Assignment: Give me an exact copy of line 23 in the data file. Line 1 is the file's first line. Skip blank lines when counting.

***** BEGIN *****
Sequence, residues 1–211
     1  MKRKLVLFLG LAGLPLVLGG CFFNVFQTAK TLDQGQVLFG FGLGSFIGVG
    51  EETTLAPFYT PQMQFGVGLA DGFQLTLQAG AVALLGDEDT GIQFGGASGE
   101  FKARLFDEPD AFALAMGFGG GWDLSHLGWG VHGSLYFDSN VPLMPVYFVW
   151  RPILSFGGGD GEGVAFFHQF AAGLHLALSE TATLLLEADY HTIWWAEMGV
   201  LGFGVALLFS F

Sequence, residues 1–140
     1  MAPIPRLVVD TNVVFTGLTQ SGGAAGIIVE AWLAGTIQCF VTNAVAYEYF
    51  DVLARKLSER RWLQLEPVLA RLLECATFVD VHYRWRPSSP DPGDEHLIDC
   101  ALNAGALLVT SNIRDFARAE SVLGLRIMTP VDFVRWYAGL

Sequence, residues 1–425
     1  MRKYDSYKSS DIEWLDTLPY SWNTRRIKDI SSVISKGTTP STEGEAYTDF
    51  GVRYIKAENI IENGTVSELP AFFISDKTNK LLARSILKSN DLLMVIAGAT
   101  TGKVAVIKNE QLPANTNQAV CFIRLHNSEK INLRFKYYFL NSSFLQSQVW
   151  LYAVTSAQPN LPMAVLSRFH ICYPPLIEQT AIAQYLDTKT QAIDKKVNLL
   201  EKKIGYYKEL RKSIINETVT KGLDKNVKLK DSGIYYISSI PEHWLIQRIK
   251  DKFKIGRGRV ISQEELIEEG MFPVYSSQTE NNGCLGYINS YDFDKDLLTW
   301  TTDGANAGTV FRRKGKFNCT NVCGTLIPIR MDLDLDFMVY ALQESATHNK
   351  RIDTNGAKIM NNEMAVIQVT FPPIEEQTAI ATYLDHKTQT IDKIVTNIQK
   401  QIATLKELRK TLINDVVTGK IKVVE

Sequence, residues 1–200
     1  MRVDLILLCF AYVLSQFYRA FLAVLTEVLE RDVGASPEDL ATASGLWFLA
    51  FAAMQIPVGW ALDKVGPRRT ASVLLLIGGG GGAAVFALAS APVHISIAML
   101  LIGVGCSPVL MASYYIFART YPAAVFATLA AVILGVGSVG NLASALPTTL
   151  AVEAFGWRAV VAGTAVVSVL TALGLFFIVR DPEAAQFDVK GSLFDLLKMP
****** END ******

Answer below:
    51  FAAMQIPVGW ALDKVGPRRT ASVLLLIGGG GGAAVFALAS APVHISIAML